Finally the throwaway, “to go” culture that uniquely defines America has actually come up with something environmentally friendly (well at least in terms of carbon emissions)! Yesterday, New Mexico-based Hyperion Power announced that it is aggressively moving forward with the development of its nuclear power modules that the company says are smaller than an automobile yet can power 20,000 homes:
The HPM is a safe, self-contained, simple-to-operate nuclear power reactor, which is small enough to be manufactured en masse and transported in its entirety via ship, truck, or rail. Euphemistically referred to as a “fission battery,” the HPM will deliver 70 megawatts of thermal energy, or approximately 25 megawatts of electricity. This amount of energy is enough to supply electricity to 20,000+ average American-style homes or the industrial/commercial equivalent. “In response to market demand for the HPM, we have decided on a uranium nitride-fueled, lead bismuth-cooled, fast reactor for our ‘launch’ design,” said John R. Grizz Deal, Hyperion Power’s CEO. “For those who like to categorize nuclear technologies, we suppose this advanced reactor could be called a Gen IV++ design.”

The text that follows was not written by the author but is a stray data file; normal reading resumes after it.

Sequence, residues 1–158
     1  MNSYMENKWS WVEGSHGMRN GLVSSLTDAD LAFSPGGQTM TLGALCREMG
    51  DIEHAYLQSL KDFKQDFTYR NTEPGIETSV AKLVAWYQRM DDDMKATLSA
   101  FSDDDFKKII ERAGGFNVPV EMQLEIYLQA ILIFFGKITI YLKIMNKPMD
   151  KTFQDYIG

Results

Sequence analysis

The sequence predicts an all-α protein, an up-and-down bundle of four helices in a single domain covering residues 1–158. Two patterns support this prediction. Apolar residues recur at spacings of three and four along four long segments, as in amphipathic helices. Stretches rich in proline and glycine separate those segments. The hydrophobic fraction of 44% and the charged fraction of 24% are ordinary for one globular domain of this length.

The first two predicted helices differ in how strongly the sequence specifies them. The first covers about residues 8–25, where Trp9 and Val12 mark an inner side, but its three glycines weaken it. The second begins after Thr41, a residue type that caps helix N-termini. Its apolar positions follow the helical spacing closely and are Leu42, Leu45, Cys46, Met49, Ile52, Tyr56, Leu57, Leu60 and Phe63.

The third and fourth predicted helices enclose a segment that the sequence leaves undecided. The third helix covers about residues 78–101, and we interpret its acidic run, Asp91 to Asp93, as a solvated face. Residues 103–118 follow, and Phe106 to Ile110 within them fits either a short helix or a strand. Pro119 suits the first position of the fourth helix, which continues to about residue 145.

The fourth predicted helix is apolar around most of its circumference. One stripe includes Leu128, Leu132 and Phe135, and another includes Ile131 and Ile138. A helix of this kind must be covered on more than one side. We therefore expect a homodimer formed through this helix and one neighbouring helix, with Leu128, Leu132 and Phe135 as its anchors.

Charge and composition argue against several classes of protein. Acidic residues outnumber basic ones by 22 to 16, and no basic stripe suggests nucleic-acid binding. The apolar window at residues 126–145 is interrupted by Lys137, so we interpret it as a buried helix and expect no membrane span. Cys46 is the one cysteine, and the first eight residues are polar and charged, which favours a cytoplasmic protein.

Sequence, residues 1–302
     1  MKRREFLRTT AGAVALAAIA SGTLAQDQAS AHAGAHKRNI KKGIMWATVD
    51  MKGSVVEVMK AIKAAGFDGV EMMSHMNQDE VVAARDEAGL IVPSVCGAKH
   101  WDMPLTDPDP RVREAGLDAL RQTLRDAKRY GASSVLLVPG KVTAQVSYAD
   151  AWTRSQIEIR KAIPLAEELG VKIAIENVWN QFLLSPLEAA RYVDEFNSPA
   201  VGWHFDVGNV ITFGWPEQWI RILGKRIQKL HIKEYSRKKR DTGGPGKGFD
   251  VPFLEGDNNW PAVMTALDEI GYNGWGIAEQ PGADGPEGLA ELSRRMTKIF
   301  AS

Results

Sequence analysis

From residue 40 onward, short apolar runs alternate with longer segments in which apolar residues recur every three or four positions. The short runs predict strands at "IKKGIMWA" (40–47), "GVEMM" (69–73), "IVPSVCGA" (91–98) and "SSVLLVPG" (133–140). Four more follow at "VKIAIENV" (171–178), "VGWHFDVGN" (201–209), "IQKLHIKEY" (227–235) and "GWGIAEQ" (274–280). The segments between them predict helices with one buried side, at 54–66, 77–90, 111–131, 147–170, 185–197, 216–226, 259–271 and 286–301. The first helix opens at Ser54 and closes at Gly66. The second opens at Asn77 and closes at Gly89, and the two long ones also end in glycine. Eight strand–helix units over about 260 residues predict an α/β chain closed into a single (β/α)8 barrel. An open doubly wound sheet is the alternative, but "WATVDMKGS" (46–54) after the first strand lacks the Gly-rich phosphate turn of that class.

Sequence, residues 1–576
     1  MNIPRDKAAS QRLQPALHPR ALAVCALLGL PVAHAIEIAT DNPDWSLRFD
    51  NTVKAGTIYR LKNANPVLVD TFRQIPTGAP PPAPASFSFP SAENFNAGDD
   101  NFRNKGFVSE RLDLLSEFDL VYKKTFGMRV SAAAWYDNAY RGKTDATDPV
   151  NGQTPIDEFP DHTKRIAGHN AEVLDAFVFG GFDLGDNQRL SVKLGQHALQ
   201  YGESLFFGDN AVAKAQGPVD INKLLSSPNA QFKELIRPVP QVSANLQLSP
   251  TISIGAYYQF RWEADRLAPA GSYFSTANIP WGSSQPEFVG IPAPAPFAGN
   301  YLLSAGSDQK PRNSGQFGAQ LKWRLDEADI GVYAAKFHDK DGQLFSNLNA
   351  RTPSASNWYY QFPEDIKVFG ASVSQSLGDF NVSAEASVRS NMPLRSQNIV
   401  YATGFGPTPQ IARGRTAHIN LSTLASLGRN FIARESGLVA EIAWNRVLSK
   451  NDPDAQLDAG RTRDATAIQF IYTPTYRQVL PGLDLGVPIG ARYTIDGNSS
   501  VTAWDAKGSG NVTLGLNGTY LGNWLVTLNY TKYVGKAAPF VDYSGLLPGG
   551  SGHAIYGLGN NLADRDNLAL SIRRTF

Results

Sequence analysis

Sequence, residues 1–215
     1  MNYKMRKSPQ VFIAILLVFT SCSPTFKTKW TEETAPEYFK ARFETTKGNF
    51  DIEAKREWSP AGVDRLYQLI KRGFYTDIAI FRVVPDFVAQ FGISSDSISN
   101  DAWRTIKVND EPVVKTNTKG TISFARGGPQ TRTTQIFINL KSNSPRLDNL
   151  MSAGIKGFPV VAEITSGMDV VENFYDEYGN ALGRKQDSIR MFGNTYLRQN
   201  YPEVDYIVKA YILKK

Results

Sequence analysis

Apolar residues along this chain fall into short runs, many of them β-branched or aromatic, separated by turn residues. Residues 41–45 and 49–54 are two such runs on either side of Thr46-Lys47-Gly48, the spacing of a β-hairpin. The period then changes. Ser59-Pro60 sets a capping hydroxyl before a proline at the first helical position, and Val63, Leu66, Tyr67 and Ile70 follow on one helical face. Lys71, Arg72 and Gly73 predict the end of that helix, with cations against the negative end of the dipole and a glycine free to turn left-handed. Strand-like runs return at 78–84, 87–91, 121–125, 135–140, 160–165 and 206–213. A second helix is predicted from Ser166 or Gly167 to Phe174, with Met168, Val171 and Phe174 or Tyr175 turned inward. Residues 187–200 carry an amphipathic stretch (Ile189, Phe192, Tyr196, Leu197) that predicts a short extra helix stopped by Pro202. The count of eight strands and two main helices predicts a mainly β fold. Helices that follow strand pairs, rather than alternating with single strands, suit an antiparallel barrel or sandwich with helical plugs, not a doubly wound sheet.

The design that Hyperion Power intends to have licensed and manufactured first will include all of the company’s original design criteria, but is expected to take less time for regulators to review and certify than the initial concept created by Dr. Otis “Pete” Peterson during his tenure at Los Alamos National Laboratory. “We have every intention of producing Dr. Peterson’s uranium hydride-fueled reactor; it is an important breakthrough technology for the nuclear power industry,” noted Deal. “However, in our research of the global market for small, modular nuclear power reactors – aka SMRs – we have found a great need for the technology. Our clients do not want to wait for regulatory systems around the globe, to learn about and be able to approve a uranium hydride system. A true SMR design, that delivers a safe, simple and small source of clean, emission-free, robust and reliable power is needed today – not years from now. As we construct and deploy this launch design, we will continue to work towards licensing Dr. Peterson’s design.”